Sean Neary/Meaghan Smith
Baucus Pushes Innovation Center to More Quickly Improve Health Care Quality, Lower Costs
Finance Chairman Examines Innovation Center’s Progress, Says More Must Be Done to Quickly Integrate Successful Programs into Broad Use
WASHINGTON – In a Senate Finance Committee hearing today, Chairman Max Baucus (D-Mont.) urged the Center for Medicare and Medicaid Innovation, known simply as the Innovation Center, to ramp up efforts to develop new ways of improving health care quality and lowering costs.
“We can’t wait a decade to develop a model for affordable, quality care before implementing it nationally. We need to cut through the red tape and act quickly to preserve Medicare and Medicaid for the long-term,” Senator Baucus said. “We need to allow proven ideas to ramp up and spread rapidly without waiting for Congress to act. That is the Innovation Center’s task. It can broadly deploy demonstration projects that are proven to reduce spending or increase the quality of care.”
Senator Baucus authored legislation in 2009 creating the Center for Medicare and Medicaid Innovation to put the best new ideas from the private sector to work preserving Medicare and Medicaid. The center already has more than 30 programs underway testing new and creative ways of providing efficient, high-quality care to five million beneficiaries across all 50 states.
Senator Baucus highlighted Health Link Now as a provider supported by the Innovative Center. The online clinic will use interactive technology to connect mental health patients in rural communities with the quality care they need. The initiative is expected to reduce costs by preventing unnecessary hospital admissions and emergency room visits, while simultaneously improving access to care for patients in Montana and other rural areas.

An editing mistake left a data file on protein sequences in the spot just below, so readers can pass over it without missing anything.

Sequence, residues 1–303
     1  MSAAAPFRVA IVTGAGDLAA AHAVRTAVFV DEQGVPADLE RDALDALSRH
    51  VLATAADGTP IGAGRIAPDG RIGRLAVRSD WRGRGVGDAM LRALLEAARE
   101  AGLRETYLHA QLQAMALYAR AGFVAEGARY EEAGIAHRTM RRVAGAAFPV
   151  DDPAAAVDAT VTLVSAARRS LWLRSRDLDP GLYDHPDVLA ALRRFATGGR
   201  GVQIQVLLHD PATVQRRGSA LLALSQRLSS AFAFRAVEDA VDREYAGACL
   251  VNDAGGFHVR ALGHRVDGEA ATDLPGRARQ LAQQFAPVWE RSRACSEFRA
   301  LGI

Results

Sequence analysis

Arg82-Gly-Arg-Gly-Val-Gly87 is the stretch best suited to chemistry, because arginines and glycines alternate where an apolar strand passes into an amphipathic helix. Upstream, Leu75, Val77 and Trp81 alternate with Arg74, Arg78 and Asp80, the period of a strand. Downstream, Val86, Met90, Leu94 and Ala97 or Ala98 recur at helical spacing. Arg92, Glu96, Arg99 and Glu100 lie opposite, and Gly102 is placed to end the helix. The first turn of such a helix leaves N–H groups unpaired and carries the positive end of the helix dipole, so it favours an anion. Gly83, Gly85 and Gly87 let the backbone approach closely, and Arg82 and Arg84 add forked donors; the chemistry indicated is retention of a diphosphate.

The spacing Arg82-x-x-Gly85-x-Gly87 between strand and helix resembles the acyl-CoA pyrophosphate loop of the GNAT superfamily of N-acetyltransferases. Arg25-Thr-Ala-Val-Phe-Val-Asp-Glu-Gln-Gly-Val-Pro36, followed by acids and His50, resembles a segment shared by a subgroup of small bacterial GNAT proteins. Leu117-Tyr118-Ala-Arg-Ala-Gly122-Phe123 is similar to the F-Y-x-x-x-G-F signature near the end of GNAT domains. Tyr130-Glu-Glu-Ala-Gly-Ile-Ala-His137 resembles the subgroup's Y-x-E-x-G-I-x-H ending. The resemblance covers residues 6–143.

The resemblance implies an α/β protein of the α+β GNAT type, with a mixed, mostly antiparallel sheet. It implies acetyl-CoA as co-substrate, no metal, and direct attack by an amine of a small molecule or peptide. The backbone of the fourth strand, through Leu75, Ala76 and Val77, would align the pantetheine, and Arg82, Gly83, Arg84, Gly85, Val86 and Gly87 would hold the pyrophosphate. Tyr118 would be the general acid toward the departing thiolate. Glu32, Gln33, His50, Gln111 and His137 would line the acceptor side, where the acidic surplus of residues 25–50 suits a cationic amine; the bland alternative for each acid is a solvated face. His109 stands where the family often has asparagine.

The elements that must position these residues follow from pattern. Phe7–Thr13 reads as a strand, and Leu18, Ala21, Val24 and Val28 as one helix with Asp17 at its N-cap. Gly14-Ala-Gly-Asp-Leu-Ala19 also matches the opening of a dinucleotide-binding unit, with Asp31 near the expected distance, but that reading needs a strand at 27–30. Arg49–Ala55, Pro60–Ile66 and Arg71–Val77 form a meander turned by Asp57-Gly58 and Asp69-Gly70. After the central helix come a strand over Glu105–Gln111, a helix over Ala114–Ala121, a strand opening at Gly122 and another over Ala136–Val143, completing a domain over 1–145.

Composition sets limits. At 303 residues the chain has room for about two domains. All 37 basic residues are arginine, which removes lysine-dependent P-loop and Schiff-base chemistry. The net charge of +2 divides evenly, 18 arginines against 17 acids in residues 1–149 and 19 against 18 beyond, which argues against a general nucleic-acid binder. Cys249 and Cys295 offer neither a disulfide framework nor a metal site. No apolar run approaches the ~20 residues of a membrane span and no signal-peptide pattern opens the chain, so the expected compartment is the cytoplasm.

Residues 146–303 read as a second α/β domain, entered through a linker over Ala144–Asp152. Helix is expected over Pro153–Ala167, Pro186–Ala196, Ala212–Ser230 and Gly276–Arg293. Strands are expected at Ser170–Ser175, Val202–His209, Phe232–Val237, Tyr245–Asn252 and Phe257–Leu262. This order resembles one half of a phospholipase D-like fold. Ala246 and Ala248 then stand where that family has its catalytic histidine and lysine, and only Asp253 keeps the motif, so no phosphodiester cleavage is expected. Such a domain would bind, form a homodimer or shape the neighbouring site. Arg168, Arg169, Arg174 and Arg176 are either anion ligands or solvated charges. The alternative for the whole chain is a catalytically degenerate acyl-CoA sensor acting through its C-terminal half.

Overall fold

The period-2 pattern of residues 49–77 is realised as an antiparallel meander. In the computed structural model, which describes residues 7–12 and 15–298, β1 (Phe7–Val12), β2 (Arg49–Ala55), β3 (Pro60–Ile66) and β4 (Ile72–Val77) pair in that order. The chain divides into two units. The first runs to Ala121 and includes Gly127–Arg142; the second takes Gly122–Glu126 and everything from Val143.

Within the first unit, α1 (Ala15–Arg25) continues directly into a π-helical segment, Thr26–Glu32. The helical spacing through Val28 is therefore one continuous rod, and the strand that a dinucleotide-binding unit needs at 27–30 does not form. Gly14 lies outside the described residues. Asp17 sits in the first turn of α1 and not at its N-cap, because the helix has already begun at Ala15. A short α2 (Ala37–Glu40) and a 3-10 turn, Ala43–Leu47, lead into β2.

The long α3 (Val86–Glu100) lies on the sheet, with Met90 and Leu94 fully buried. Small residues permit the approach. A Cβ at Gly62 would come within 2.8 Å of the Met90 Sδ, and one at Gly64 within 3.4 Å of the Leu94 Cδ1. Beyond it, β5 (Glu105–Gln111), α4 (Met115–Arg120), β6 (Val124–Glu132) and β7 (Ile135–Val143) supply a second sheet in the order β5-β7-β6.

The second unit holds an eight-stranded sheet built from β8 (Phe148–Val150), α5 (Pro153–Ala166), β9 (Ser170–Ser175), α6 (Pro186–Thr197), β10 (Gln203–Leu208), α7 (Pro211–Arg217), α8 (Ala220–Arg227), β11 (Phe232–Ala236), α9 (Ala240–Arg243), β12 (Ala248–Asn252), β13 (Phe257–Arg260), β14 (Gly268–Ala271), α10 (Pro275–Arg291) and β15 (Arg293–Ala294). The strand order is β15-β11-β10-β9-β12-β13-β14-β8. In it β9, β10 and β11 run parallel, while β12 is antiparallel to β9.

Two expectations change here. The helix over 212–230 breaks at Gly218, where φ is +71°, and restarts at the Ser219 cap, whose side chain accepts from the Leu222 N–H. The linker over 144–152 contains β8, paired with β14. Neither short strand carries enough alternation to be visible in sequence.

The Innovation Center has also set up more than 30 Pioneer Accountable Care Organizations (ACOs) across the nation. These are initiatives made up of doctors, hospitals and providers to test new methods of coordinating care to improve health outcomes.
According to the Congressional Budget Office, investments in the Innovation Center are expected to generate a 13 percent return through 2019. And in the decade after, the center is expected to save taxpayers tens of billions of dollars.
Senator Baucus said the Innovation Center should aim to shorten the time it takes to bring a successful demonstration model into broad use. He discussed a program tested between 2003 and 2009 – before the Innovation Center existed – that rewarded hospitals for delivering high-quality care, which proved successful at reducing overall costs. However, the value-based pay system that grew out of the test only went into use nationally this year. Senator Baucus said the Innovation Center should test, evaluate and integrate successful, new ideas nationwide within only a few years, instead of a decade or more.
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